I’ve been getting ready to present my Humanities Montana program “Sidesaddles and Geysers” on Tuesday, March 6, at the Danforth Gallery in Livingston. I’ll be at the gallery at 106 North Main beginning at 6:30 p.m. under the sponsorship of the Park County Friends of the Arts.
I always tailor my presentation to the local audience. That lets people see me more than once without a lot of repetition. It also motivates me to re-examine my collection of more than 300 first-person accounts of early travel to Yellowstone Park. I always find something new.
I’ll open with Hester Henshall’s description of taking the train from Bozeman to Livingston in 1903. Hester does a nice job of describing the railroad depot and town. I’ll provide a bit of history of Livingston, which was a point where early Yellowstone travelers switched from the Northern Pacific main line to the Park Branch.
Then I’ll note that the first Yellowstone tourists went to the park by Trail Creek Pass and didn’t go to Livingston at all. That’ll let me segue into stories about Emma Stone, who in 1872, became the first woman to take a complete tour of Yellowstone Park, and Sarah Tracy, who wrote a charming diary of her trip there in 1874.
From there, I’ll read a few other stories. Probably one will be a well-tested tale like Emma Cowan’s chilling story of watching Indians shoot her husband in 1877. And, I’ll include as story I’ve never read to an audience before, perhaps Mary Townsend’s description of fishing the Firehole River in 1897.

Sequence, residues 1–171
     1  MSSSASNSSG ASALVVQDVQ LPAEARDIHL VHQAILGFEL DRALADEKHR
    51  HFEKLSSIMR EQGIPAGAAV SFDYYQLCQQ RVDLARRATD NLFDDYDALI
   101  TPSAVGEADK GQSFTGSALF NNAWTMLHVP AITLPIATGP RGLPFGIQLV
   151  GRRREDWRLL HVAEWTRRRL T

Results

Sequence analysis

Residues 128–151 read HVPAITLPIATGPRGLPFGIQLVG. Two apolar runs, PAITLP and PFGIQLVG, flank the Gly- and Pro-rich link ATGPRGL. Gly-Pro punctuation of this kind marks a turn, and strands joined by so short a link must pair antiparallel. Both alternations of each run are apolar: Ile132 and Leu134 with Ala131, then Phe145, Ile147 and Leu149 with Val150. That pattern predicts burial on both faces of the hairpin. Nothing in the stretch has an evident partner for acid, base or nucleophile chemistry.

I’ll be ready with a couple more stories if time allows: maybe Henry Merry’s hilarious story of trying to race his Winton car past park rangers in 1902 when automobiles were forbidden there, or Louise Elliott’s tale of a camp tender taking revenge on a supercilious guest by letting the air out of her mattress.
I’ll finish by returning to Hester Henshall’s story. Hester and her husband befriended an elderly lady during the trip, and when they got back to Livingston, all the hotels in town were full. Hester’s husband found the lady some locals to stay with. That anecdote will bookend the presentation with Henshall stories and leave the audience with a warm feeling.
Of course, I’ll hang around afterward to sign copies of my book, Adventures in Yellowstone: Early Travelers Tell Their Tales.
— You might be interested in Hester Henshall’s story, “Cruising Laking Yellowstone.”